The transfer of meaning between objects that are similar only by accidental association

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Product placements

Products that have been placed conspicuously in movies or television shows

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Involuntary attention

Attention that is beyond the conscious control of a consumer

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Orientation reflex

Natural reflex that occurs as a response to something threatening

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Involvement

The personal relevance toward, or interest in, a particular product

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Unintentional learning

Learning that occurs when behavior is modified through a consumer-stimulus interaction without any effortful allocation of cognitive processing capacity toward that stimulus

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Intentional learning

Process by which consumers set out to specifically learn information devoted to a certain subject

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Behaviorist approach to learning

Theory of learning that focuses on changes in behavior due to association without great concern for the cognitive mechanics of the learning process

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Information processing (or cognitive) perspective learning

Perspective that focuses on the cognitive processes associated with comprehension and how these precipitate behavioral changes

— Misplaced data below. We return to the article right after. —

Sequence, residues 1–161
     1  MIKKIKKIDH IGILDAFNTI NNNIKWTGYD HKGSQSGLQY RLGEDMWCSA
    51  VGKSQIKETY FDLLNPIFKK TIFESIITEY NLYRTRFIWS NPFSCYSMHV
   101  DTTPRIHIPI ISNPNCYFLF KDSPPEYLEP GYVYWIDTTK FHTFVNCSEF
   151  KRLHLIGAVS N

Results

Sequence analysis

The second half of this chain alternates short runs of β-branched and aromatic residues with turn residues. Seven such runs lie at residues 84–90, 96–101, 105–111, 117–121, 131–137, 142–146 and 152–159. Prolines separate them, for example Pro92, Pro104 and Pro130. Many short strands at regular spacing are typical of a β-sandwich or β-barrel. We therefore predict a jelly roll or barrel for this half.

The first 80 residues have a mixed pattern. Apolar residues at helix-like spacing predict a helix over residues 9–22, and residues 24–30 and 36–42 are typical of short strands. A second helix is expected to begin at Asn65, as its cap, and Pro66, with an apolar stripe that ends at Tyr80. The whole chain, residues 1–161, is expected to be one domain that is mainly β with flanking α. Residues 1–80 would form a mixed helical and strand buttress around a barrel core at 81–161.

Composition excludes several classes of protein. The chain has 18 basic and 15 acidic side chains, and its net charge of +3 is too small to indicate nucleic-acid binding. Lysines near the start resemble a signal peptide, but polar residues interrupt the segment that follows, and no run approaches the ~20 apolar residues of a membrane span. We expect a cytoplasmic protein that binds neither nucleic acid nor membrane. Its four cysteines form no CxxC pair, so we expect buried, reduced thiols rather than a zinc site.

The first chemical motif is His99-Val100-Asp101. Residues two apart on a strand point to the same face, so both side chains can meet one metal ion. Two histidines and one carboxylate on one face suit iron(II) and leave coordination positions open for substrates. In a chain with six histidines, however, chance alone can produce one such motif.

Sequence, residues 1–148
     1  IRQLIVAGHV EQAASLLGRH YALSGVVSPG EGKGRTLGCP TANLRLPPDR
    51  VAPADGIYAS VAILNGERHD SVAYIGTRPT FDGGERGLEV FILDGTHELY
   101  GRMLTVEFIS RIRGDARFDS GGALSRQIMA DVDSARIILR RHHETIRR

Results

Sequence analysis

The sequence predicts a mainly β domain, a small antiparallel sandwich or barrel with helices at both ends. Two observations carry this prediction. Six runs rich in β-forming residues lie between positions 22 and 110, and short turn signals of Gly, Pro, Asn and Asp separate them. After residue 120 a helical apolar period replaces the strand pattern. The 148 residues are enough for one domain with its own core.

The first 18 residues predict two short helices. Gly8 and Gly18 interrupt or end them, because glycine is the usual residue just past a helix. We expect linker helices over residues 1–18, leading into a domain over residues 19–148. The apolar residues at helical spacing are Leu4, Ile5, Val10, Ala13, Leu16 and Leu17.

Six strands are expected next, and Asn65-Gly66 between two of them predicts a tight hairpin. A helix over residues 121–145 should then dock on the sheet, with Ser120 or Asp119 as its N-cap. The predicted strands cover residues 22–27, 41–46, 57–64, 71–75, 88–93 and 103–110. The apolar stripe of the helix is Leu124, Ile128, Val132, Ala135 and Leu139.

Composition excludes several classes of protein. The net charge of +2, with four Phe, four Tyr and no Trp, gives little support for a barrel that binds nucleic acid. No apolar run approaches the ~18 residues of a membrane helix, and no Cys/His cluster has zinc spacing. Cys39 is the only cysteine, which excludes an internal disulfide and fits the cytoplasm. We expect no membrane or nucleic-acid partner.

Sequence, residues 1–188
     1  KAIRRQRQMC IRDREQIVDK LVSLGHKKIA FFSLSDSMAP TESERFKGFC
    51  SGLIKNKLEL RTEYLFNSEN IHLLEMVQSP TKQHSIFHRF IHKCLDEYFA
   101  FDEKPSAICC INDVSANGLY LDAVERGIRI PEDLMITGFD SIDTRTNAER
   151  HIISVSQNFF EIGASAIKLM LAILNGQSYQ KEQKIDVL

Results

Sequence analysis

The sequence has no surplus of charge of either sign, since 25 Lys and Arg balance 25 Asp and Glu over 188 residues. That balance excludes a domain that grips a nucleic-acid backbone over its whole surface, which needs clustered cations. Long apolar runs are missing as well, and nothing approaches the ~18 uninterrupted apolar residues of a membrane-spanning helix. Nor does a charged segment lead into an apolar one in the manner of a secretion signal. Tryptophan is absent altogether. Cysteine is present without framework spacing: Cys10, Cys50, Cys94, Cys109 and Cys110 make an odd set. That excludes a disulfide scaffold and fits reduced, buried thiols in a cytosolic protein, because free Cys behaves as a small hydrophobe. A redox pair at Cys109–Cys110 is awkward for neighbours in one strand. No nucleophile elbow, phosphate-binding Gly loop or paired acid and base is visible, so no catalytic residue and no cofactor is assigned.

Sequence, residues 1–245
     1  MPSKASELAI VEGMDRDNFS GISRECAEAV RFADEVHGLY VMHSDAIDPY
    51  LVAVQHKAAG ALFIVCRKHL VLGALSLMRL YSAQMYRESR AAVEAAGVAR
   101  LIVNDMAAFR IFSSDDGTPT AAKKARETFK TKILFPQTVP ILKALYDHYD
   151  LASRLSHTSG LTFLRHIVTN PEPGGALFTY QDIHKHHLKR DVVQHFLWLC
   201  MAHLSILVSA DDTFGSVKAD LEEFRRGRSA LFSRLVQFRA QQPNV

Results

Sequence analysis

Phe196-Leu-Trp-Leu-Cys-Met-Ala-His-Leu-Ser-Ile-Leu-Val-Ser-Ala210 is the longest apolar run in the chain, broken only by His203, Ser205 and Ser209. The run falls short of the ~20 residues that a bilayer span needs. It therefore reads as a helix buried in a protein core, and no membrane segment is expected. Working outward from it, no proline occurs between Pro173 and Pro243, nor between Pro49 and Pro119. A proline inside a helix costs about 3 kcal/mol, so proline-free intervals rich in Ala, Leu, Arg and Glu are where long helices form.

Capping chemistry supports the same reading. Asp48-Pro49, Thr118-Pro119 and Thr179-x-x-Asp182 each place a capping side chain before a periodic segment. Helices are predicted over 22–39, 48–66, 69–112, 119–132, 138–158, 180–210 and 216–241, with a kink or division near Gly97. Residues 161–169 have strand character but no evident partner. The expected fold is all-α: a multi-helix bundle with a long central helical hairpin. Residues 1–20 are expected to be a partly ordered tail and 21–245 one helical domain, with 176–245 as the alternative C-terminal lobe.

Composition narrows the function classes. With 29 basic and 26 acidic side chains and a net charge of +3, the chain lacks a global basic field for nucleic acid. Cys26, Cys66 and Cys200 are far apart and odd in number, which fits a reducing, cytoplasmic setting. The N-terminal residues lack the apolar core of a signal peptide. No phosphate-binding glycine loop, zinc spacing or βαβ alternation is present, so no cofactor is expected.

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Classical conditioning

Change in behavior that occurs simply through associating some stimulus with another stimulus that naturally causes some reaction; a type of unintentional learning

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Unconditioned stimulus

Stimulus with which a behavioral response is already associated

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Conditioned stimulus

Object or event that does not cause the desired response naturally but that can be conditioned to do so by pairing with an unconditioned stimulus

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Unconditioned response

Response that occurs naturally as a result of exposure to an unconditioned stimulus

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Conditioned response

Response that results from exposure to a conditioned stimulus that was originally associated with the unconditioned stimulus

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Instrumental conditioning

Type of learning in which a behavioral response can be conditioned through reinforcement - either punishment or rewards associated with undesirable or desirable behavior

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Positive reinforcers

Reinforces that take the form of a reward

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Discriminative stimuli

Stimuli that differentiate one choice from another through the presence of a reinforcer

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Shaping

Process through which a desired behavior is altered over time, in small increments

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Punishers

Stimuli that decrease the likelihood that a behavior will persist

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Negative reinforcement

Removal of harmful stimuli as a way of encouraging behavior

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Extinction

Process through which behaviors cease due to lack of reinforcement

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Learning (evaluation)

Change in behavior resulting from some interaction between a person and a stimulus